On November 4, 2014, the U.S. Supreme Court heard oral arguments in the case of Department of Homeland Security v. MacLean. This case has the potential to strip future federal employee whistleblowers of some protections afforded under the Whistleblowers Protection Act.
Congress enacted the Whistleblowers Protection Act in 1989 with the intent to motivate people to disclose information that they reasonably believe poses a “substantial and specific danger to public safety,” except when the disclosure is explicitly “prohibited by law.” In MacLean, the question before the Supreme Court is whether the Whistleblower Protection Act bars an agency from taking enforcement actions against an employee who violates an agency’s regulations.
In 2003, Robert J. MacLean, a U.S. Air Marshal, was briefed on a potential September 11 style attacks on U.S. airlines. After the briefing, MacLean received text messages stating that the Transportation Security Administration (TSA) planned to significantly reduce the number of federal air marshals on flights that required marshals to stay overnight. Upon learning of this policy change, MacLean expressed his concerns for passenger safety to his supervisors and also disclosed the policy change to an MSNBC reporter. The press coverage resulting after his disclosure caused the TSA to cancel its newly planned-policy.
Three years later, MacLean was fired from his position for disclosing “Sensitive Security Information” (SSI) without authorization. Regulations prohibited MacLean’s unauthorized disclosures without authorization.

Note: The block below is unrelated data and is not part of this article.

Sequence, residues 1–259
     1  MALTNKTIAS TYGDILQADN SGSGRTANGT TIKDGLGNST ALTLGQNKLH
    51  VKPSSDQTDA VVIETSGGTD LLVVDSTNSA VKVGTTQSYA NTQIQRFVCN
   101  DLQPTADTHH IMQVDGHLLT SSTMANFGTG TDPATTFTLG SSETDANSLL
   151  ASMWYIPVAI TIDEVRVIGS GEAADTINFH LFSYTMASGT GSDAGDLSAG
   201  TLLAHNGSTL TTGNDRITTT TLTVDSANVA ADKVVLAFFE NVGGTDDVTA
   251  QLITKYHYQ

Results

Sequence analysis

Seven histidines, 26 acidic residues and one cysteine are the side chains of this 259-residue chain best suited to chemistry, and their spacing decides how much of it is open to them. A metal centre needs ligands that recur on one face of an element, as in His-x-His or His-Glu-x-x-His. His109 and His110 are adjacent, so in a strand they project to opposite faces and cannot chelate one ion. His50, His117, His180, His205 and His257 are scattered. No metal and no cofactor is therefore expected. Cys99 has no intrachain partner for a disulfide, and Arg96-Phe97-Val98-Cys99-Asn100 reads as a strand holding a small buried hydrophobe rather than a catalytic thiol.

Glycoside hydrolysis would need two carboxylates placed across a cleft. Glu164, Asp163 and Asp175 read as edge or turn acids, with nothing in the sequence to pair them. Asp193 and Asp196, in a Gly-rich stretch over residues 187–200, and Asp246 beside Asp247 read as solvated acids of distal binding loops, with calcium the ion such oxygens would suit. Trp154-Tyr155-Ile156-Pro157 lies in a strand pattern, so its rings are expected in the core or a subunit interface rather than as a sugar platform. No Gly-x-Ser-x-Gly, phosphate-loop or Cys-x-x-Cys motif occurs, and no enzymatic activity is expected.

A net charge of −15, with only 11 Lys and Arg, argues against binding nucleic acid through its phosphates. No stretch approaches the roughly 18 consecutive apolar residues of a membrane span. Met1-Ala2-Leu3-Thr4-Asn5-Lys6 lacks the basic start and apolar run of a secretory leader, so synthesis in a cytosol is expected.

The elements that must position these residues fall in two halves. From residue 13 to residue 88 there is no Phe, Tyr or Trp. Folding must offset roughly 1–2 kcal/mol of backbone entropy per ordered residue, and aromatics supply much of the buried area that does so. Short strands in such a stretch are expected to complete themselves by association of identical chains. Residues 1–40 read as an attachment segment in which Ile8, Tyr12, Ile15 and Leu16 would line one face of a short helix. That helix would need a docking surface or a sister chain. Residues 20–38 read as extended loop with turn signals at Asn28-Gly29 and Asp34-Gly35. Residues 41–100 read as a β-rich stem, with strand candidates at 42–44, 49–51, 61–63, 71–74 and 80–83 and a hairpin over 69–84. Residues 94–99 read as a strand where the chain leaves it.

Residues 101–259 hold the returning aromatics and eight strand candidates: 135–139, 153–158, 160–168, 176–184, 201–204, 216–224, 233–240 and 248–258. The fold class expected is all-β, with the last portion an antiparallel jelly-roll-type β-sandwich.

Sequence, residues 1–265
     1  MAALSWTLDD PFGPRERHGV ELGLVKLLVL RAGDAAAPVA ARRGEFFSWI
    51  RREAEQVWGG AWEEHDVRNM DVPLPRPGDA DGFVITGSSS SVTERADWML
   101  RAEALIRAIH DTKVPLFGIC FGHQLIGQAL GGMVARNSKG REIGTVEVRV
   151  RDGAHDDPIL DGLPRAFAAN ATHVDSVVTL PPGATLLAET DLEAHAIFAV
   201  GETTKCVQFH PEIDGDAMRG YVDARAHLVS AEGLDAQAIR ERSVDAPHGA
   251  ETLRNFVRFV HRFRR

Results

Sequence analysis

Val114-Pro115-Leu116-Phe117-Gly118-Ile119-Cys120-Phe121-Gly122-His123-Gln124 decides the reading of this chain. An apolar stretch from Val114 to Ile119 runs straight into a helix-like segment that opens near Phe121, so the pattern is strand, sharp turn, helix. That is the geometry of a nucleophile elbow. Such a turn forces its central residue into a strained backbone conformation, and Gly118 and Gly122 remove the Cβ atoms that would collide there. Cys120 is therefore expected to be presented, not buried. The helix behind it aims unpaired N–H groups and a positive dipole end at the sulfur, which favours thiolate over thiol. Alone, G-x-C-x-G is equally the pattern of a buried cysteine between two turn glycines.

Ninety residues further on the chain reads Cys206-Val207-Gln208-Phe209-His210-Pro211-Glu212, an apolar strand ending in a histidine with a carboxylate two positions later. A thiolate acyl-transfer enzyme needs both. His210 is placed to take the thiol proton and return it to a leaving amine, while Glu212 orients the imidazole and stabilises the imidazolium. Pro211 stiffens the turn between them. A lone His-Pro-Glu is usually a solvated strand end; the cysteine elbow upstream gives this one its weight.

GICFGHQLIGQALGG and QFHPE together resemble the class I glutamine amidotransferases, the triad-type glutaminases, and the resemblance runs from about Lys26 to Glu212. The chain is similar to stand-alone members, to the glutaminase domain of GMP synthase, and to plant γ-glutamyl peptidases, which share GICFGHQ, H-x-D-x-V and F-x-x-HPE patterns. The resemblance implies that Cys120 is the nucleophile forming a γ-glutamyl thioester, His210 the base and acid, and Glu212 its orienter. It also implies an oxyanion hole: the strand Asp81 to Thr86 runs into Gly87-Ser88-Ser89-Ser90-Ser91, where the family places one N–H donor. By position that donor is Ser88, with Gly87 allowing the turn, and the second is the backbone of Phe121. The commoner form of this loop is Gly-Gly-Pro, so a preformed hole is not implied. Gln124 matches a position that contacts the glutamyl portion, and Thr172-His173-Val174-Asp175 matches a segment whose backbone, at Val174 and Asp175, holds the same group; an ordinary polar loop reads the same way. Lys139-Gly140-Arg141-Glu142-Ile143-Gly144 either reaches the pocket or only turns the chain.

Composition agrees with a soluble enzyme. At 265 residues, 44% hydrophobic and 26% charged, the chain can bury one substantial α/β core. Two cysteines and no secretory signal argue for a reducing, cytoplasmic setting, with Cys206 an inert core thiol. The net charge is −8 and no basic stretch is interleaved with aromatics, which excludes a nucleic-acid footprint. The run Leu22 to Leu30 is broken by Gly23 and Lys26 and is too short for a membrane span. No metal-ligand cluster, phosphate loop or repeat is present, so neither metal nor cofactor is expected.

Believing his termination was not justified, MacLean challenged the termination before the Merit Systems Protection Board (MSPB), arguing that his disclosure was protected pursuant to the Whistleblower Protection Act of 1989 (WPA). MacLean argued that he was disclosing a substantial and specific danger to public health or safety. In opposition, the government responded that the WPA was not applicable and the government’s termination of MacLean was accurate based on his alleged violation of permissible TSA regulations barring the unauthorized disclosure of SSI. The MSPB ruled in favor of the government and found that the ban on SSI disclosure was within the TSA’s authority. On appeal, the U.S. Court of Appeals for the Ninth Circuit held that the MacLean’s actions were not prohibited pursuant to WPA, and vacated and remanded the case for reconsideration. The government then petitioned for certiorari, which the U.S. Supreme Court granted in May 2014, and on November 4, 2014, oral arguments were held.
The decision in MacLean may affect the future of federal employees that choose to blow the whistle on matters important to public safety. If the Supreme Court reverses the Appeals Courts decision, the federal government may have the power to prevent individuals from disclosing information they deem sensitive. If that were to happen, fewer federal employees will disclose information regarding waste, fraud, abuse, injustice, and gross misconduct out of fear of the consequences. Senator Charles E. Grassley and other members of Congress have expressed concerns that a reversal may “deter whistleblowers and restrict the flow of information to Congress.”
The Cochran Firm has a strong whistleblower practice that is known for fighting for the rights of whistleblowers. Members of our firm track court cases like Department of Homeland Security v. MacLean that may impact future whistleblower claims, and inform our clients of any legislation or any other pending case that may affect their rights based on the Whistleblowers Protection Act and other applicable laws.